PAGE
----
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ACTH (Adrenocorticotropic Hormone) -
the definitive diagnostic test for Addison's Diesease.
Adrenal Gland (an overview) -
The adrenal glands consist of a center core (the medulla), surrounded
by three layers of the cortex. The outer layer of the adrenal cortex
produces aldosterone (mineralocorticoids), the middle layer produces
(cortisolglucocorticoids) and the bottom/third
layer -closest to the medulla- produces sex hormones. The medulla isn't
affected by Addison's, but it's good to point out that that's where
epinephrine is produced for the "fight or flight" reaction!
Mineralocorticoid hormone produced by the adrenal glands for the
maintenance of electrolyte levels (sodium, potassium and chloride) in
Atypical Addison's -
Deficient in cortisol only. The zones of
the adrenal glands that manufacture cortisol
are no longer functioning.
Compounded Florinef -
For efficient and cost-effective treatment of Primary Canine
Addison's Disease, a "compounding pharmacist" can prepare an entire
day's dose of generic fludrocortisone
acetate in one (or two) capsules. For a compounding pharmacist near you.
Corticosteroid hormone produced by the adrenal glands for metabolism of
fat, protein and carbohydrates, production of red blood cells, stress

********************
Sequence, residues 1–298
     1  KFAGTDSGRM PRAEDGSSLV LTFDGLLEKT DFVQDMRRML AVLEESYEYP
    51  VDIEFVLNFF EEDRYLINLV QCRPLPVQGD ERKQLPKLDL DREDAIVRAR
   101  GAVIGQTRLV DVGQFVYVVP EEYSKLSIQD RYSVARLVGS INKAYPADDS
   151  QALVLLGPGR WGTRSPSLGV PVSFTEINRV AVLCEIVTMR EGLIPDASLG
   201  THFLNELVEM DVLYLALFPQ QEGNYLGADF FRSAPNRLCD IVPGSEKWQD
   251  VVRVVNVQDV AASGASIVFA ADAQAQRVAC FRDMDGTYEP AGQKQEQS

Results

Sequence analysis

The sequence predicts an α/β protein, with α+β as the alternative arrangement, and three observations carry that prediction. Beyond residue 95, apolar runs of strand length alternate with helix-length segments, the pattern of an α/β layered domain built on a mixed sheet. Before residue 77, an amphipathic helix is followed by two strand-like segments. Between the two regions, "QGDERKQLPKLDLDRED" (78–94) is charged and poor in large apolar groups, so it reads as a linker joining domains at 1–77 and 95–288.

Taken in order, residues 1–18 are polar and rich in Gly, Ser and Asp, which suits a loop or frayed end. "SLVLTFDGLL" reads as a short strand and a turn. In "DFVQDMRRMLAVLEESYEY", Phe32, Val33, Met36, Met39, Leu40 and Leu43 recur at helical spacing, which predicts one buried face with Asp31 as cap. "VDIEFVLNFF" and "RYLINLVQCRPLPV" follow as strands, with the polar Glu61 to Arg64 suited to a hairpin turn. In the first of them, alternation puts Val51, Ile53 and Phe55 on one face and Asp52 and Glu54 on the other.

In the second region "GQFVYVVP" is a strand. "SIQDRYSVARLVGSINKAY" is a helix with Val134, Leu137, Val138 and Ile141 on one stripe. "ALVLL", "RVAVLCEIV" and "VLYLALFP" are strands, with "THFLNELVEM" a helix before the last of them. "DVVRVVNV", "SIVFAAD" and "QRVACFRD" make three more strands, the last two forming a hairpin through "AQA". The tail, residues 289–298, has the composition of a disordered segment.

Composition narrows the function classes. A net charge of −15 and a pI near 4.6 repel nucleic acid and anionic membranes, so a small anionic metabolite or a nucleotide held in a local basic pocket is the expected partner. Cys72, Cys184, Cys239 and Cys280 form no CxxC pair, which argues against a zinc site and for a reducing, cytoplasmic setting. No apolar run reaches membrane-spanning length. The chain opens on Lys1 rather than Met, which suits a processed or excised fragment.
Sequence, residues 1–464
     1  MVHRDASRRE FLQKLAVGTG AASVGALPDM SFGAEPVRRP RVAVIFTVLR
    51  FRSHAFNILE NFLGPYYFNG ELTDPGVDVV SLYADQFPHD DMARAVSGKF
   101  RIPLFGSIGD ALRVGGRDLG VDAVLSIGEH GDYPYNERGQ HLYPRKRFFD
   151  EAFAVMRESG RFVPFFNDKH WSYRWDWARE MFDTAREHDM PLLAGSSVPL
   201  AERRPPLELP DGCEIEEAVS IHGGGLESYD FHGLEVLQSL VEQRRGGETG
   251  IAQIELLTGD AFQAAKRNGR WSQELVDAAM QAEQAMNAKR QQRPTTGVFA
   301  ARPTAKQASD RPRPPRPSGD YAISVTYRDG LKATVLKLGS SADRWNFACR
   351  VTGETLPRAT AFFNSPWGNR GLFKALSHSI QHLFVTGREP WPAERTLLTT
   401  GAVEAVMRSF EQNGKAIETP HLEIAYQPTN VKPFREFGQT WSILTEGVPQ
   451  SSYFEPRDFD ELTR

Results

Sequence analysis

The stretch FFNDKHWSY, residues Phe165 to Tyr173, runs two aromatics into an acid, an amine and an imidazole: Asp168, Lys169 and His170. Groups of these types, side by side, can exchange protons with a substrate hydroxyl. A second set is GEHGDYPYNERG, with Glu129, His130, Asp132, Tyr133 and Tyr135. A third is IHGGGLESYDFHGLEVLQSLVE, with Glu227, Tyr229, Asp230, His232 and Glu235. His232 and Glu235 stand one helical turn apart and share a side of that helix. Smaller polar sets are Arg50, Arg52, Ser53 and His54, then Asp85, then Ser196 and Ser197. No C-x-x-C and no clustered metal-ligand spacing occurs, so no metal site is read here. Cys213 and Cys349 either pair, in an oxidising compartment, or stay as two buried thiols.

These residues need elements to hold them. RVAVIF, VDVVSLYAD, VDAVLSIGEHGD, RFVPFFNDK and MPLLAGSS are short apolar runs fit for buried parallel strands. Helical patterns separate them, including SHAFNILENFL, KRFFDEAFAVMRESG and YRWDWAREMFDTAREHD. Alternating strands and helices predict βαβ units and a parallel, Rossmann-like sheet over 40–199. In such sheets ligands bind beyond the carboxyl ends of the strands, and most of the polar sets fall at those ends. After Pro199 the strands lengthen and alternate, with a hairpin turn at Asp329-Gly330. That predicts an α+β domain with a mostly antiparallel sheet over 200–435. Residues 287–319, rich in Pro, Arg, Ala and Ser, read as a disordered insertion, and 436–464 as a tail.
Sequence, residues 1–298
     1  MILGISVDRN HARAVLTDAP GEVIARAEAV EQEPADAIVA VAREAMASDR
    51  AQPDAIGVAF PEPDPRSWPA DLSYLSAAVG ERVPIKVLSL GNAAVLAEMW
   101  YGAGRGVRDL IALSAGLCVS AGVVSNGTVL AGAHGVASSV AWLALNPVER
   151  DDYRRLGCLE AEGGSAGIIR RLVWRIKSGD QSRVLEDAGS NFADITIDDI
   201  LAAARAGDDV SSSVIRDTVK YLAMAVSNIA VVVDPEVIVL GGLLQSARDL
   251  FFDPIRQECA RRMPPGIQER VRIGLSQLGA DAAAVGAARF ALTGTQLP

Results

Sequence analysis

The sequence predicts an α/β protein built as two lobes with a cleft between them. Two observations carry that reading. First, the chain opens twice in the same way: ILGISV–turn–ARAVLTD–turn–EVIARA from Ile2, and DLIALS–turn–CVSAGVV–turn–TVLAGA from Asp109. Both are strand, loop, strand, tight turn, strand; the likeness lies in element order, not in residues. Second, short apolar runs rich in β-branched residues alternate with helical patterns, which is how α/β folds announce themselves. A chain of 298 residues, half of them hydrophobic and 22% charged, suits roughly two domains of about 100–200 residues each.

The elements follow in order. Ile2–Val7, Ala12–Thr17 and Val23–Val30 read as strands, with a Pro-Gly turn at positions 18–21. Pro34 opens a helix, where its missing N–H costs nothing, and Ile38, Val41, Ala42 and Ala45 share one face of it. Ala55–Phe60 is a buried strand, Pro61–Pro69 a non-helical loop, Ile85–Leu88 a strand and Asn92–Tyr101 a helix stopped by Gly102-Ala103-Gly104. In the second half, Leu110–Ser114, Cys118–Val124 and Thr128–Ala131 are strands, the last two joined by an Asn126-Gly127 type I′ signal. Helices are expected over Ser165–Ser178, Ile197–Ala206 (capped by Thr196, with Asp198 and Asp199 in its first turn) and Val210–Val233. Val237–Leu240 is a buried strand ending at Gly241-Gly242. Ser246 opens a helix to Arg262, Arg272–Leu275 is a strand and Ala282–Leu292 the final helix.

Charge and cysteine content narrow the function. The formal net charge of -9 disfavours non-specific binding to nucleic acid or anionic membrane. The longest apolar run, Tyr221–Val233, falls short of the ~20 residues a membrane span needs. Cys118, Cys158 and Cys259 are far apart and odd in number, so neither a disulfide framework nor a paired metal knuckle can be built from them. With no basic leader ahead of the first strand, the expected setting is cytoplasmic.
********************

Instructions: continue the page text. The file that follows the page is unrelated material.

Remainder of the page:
response, maintaining blood pressure, reducing inflammation, etc.
Cushing's Disease -
"Opposite" of Addison's -the adrenal glands OVERproduce
cortisol in a dog with Cushing's Disease.
Note: a dog with Addison's Disease that's given too much prednisone
will present the same symptoms as a dog with Cushing's Disease.
Specifically, the mineral elements in the blood: sodium (Na), potassium
(K) and chloride (Cl)
Fludrocortisone acetate, supplied in
0.1 mg tablets –this is a human medication that is prescribed
"off-label" for the treatment of Primary Canine Addison’s
Disease at a starting dosage of 0.1 mg per 10 pounds of body weight. Florinef is a mineralocorticoid
replacement that also contains a small glucocorticoid
Commonly used daily (cortisol replacement)
medication options for dogs with Atypical or Primary Addison’s Disease include: prednisone, prednisolone, “Medrol,”
Caused by medication (ex: overmedicating a dog for Cushings
Disease can cause the adrenals to shut down and the dog will become an "iatragenic Addisonian")
Of unknown cause
Aldosterone (for management/balance
of electrolytes: sodium, potassium and chloride). Medication options
for mineralocorticoid replacement in dogs
with Primary Canine Addison's Disease include Percorten-v
(DOCP), an injectable
medication that’s administered every 21-30
days -or- Florinef, a daily oral
Non-Steroidal Anti-Inflammatory Drugs, the same class as such common
over-the-counter remedies as Advil (Ibuprofen), Aleve (Naproxen), Orudis (ketoprofen),
and Aspirin. The chief use for such drugs in the dog has been pain
relief, usually joint pain or post-surgical pain relief. NSAIDS should
not be used in dogs being treated for Addison's Disease!
PD (polydipsia): excessive or abnormal
thirst; PU (polyuria): excessive urination'
Zycortal is the only medication licensed in Europe for the treatment of Addison's Disease in dogs.
Evaluation of a low-dose desoxycorticosterone pivalate
treatment protocol for long-term management of dogs
with primary hypoadrenocorticism. Journal of Internal Veterinary Medicine.
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